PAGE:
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35. Is Sugar Toxic?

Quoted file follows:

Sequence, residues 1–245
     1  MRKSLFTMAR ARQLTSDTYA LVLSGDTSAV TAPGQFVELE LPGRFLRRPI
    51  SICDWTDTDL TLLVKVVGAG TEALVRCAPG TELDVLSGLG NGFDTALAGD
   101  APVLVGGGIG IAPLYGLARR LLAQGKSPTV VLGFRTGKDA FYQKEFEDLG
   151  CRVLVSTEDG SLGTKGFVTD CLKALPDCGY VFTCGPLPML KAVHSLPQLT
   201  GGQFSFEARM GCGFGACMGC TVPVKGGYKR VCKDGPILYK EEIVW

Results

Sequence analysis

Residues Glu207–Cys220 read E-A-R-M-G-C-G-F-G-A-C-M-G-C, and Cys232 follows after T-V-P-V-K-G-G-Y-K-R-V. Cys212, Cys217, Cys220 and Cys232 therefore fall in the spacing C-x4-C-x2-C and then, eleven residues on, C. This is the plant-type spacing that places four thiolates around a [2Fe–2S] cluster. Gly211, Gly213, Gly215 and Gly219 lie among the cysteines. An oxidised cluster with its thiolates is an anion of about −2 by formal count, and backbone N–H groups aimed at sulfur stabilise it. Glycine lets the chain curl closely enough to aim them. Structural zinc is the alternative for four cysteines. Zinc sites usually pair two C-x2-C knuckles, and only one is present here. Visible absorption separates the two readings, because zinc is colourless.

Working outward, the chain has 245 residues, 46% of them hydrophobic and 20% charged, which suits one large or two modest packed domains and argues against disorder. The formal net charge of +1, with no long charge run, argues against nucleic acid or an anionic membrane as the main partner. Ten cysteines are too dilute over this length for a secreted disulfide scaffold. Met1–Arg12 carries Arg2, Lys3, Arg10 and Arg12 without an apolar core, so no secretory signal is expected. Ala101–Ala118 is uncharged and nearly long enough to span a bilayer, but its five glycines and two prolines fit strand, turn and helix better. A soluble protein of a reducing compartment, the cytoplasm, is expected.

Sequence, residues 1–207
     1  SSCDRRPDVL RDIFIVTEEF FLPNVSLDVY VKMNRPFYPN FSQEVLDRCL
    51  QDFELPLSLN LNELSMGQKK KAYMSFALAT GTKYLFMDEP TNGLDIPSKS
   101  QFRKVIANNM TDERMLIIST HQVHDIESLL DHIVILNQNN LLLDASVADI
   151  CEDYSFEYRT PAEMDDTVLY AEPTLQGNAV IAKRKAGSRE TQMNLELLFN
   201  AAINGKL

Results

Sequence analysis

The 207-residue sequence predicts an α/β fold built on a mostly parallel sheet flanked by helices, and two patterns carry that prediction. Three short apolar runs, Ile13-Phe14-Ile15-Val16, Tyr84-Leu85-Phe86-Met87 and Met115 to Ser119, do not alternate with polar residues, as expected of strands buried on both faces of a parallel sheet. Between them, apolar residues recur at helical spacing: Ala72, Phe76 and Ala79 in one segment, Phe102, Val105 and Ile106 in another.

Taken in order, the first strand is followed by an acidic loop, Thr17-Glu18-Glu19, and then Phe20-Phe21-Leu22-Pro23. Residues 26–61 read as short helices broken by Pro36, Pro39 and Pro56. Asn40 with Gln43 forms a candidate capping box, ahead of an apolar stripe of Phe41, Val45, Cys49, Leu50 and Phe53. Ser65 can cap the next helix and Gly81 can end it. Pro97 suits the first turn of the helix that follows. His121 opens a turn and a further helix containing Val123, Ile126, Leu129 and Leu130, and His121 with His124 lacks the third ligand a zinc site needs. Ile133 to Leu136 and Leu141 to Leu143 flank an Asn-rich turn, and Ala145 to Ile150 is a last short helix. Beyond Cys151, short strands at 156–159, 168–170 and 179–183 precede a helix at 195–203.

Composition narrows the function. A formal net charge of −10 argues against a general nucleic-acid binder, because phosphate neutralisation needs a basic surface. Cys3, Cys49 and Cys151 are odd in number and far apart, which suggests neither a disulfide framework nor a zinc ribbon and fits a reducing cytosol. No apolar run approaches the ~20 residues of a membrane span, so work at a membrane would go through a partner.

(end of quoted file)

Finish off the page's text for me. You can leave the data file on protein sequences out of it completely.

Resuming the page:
Dr Robert Lustig is a leading expert in childhood obesity at the University of California, San Francisco. He has constructed a formidable comprehensive case that explains why diet is primarily responsible for the development of a range of diseases/conditions which are now referred to as Metabolic Syndrome. These include obesity, diabetes, hypertension and heart disease all of which are closely related and probably have a common cause. In particular he identifies the fructose which makes up about half of both ordinary table sugar and the High Fructose Corn Syrup(HFCS) that is widely used in the USA as the specific critical factor. Lustig’s rationale has been spelled out in a YouTube video entitled “Sugar: The Bitter Truth” which was uploaded on 30 July 2009 and has already been viewed by almost 3.5 million times(1). Clearly it has stimulated enormous interest. Inevitably there has been criticism which is only to be expected (not least from the industrial organisations which produce sugar and HFCS). Nevertheless he is definitely striking a chord with many people and has undoubtedly delivered a series of arguments that merits detailed consideration. The key point Lustig makes is that the glucose and fructose, which are released from sugar and HFCS, are metabolised in different ways and therefore have totally different effects in the body. The glucose can be utilised by every cell in the body whereas the fructose...